New studies point the way to broadly effective treatments for ALS

Journal References:

  1. Gabriel R. Linares, Yichen Li, Wen-Hsuan Chang, Jasper Rubin-Sigler, Stacee Mendonca, Sarah Hong, Yunsun Eoh, Wenxuan Guo, Yi-Hsuan Huang, Jonathan Chang, Sharon Tu, Nomongo Dorjsuren, Manuel Santana, Shu-Ting Hung, Johnny Yu, Joscany Perez, Michael Chickering, Tze-Yuan Cheng, Chi-Chou Huang, Shih-Jong James Lee, Hao-Jen Deng, Kieu-Tram Bach, Kamden Gray, Vishvak Subramanyam, Jeffrey Rosenfeld, Samuel V. Alworth, Hani Goodarzi, Justin K. Ichida. SYF2 suppression mitigates neurodegeneration in models of diverse forms of ALS. Cell Stem Cell, 2023; 30 (2): 171 DOI: 10.1016/j.stem.2023.01.005
  2. Shu-Ting Hung, Gabriel R. Linares, Wen-Hsuan Chang, Yunsun Eoh, Gopinath Krishnan, Stacee Mendonca, Sarah Hong, Yingxiao Shi, Manuel Santana, Chuol Kueth, Samantha Macklin-Isquierdo, Sarah Perry, Sarah Duhaime, Claudia Maios, Jonathan Chang, Joscany Perez, Alexander Couto, Jesse Lai, Yichen Li, Samuel V. Alworth, Eric Hendricks, Yaoming Wang, Berislav V. Zlokovic, Dion K. Dickman, J. Alex Parker, Daniela C. Zarnescu, Fen-Biao Gao, Justin K. Ichida. PIKFYVE inhibition mitigates disease in models of diverse forms of ALS. Cell, 2023; DOI: 10.1016/j.cell.2023.01.005

“A minority of patients have a variety of genetic causes of ALS that can be inherited within families, and a majority have what is known as “sporadic” disease because its causes are unknown,” said Gabriel Linares, a postdoc in the Ichida lab and a co-first author on both studies. “This makes it a difficult challenge to find one treatment that will work for all patients with ALS.”

To meet this challenge, the researchers collected skin or blood samples from patients with both familial and sporadic ALS. The scientists reprogrammed the skin and blood cells into motor neurons, which are the nerve cells responsible for movement that degenerate in the disease. These patient-derived motor neurons provided an opportunity to screen thousands of FDA-approved drugs and drug-like molecules to find ones that might be effective against multiple forms of ALS.

In the Cell Stem Cell study, co-first authors Linares and Yichen Li found that several of the most effective drugs and drug-like molecules increased the activity of androgens, the well-known group of sex hormones that include testosterone. However, because androgen-boosting drugs could have undesirable or unsafe side effects for patients with ALS, the scientists aimed to identify a genetic change that might yield similar results.

To accomplish this, they leveraged a public bioinformatics database known as Connectivity Map, developed by the Broad Institute of Harvard and MIT. By analyzing this vast database of information about how drugs affect the genetic landscape underpinning diseases, the scientists accurately predicted that suppressing the SYF2 gene would increase the survival of motor neurons derived from patients with diverse forms of ALS. In addition, suppressing this gene reduced neurodegeneration, motor dysfunction, and other symptoms in mice with ALS.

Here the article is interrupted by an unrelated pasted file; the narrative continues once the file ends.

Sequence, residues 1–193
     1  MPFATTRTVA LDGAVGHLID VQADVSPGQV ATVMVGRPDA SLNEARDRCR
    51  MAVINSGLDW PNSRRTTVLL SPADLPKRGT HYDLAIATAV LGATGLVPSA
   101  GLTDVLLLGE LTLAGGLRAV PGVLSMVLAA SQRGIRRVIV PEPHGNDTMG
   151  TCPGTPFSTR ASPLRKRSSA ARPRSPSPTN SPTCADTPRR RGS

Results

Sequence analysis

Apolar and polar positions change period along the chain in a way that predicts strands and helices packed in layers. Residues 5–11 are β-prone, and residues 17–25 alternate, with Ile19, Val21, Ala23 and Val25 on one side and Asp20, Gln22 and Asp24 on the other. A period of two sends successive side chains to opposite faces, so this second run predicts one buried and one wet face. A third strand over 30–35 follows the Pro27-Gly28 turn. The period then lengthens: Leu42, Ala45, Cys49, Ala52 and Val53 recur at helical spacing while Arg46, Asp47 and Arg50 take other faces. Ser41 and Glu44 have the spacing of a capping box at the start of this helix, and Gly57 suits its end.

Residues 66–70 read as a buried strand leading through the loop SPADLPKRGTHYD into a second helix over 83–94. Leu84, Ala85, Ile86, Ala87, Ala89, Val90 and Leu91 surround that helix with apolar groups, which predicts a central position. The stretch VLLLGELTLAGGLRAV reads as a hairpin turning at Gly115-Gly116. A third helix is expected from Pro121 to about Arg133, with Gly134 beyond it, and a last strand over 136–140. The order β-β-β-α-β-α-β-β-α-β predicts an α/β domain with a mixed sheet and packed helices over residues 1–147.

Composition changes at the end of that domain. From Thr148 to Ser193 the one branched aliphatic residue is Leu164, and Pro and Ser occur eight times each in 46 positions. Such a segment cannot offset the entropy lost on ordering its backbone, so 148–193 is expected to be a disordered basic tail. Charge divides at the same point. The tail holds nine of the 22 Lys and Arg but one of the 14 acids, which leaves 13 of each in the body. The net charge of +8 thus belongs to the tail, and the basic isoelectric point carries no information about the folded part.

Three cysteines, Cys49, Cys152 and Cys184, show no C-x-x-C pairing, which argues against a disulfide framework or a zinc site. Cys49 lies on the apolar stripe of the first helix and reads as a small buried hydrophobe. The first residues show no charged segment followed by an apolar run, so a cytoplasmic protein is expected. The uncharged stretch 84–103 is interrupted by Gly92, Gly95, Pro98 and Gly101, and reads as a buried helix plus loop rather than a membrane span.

“What’s really exciting is that SYF2 suppression improved symptoms and pathology related to a protein called TDP-43, which can become toxic and is implicated in close to 97 percent of cases of ALS,” said Li, a postdoc in the Ichida Lab.

In the second study published in Cell, co-first authors Shu-Ting (Michelle) Hung and Linares detail how inhibiting a protein, the PIKFYVE kinase, could represent another effective strategy for treating many different forms of ALS.

In an extensive series of experiments, the researchers inhibited PIKFYVE using the drug apilimod, as well as through genetic and RNA-based approaches, in fruit flies, roundworms, mice, and motor neurons derived from patients with different forms of ALS.

They found that inhibiting PIKFYVE reduced neurodegeneration, improved motor function, and lengthened life by stimulating motor neurons to clear toxic proteins through a process of exocytosis, in which membrane-bound sacs envelop and actively transport waste to the exterior of the cell.

“We were able to pinpoint precisely how PIKFYVE inhibition mitigates neurodegeneration, which is important for informing the development of new targeted treatments,” said Hung, a PhD student in the Ichida Lab.

Ichida, who is the John Douglas French Alzheimer’s Foundation Associate Professor of Stem Cell Biology and Regenerative Medicine at USC, and a New York Stem Cell Foundation-Robertson Investigator, added “Our discoveries bring us closer to achieving our big picture goal: finding treatments that can be broadly effective for all patients who suffer from ALS.”

Additional co-authors on both studies are: Yunsun Eoh, Manuel Santana, Jonathan Chang, and Joscany Perez from USC; and Wen-Hsuan Chang, Stacee Mendonca, Sarah Hong, and Samuel V. Alworth from AcuraStem, Inc.

For the Cell Stem Cell study, co-authors also include Hung, Jasper Rubin-Sigler, Wenxuan Guo, Yi-Hsuan Huang, Nomongo Dorjsuren, Michael Chickering, Hao-Jen Deng, Kieu-Tram Bach, and Kamden Gray from USC; Johnny Yu and Hani Goodarzi from the University of California, San Francisco; Tze-Yuan Cheng, Chi Chou Huang, and James Lee from Leica Microsystems; and Jeffrey Rosenfeld from Loma Linda University.

For the Cell study, additional co-authors include Li, Yingxiao Shi, Sarah Perry, Alexander Couto, Jesse Lai, Eric Hendricks, Yaoming Wang, Berislav V. Zlokovic, and Dion K. Dickman from USC; Gopinath Krishnanand Fen-Biao Gao from the University of Massachusetts; Chuol Kueth, Samantha Macklin-Isquierdo, and Daniela C. Zarnescu from Penn State University; and Sarah Duhaime, Claudia Maios, and J. Alex Parker from the Université de Montréal.

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New studies point the way to broadly effective treatments for ALS

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